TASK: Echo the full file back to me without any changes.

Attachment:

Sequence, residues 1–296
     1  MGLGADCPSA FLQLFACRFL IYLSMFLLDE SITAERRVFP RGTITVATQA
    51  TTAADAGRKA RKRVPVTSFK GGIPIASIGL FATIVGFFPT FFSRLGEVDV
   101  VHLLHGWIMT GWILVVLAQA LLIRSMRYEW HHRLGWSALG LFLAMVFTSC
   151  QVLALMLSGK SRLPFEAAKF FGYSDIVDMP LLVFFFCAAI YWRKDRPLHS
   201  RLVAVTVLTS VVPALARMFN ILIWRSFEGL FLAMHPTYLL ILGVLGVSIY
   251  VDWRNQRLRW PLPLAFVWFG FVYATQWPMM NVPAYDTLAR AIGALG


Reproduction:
Sequence, residues 1–296
     1  MGLGADCPSA FLQLFACRFL IYLSMFLLDE SITAERRVFP RGTITVATQA
    51  TTAADAGRKA RKRVPVTSFK GGIPIASIGL FATIVGFFPT FFSRLGEVDV
   101  VHLLHGWIMT GWILVVLAQA LLIRSMRYEW HHRLGWSALG LFLAMVFTSC
   151  QVLALMLSGK SRLPFEAAKF FGYSDIVDMP LLVFFFCAAI YWRKDRPLHS
   201  RLVAVTVLTS VVPALARMFN ILIWRSFEGL FLAMHPTYLL ILGVLGVSIY
   251  VDWRNQRLRW PLPLAFVWFG FVYATQWPMM NVPAYDTLAR AIGALG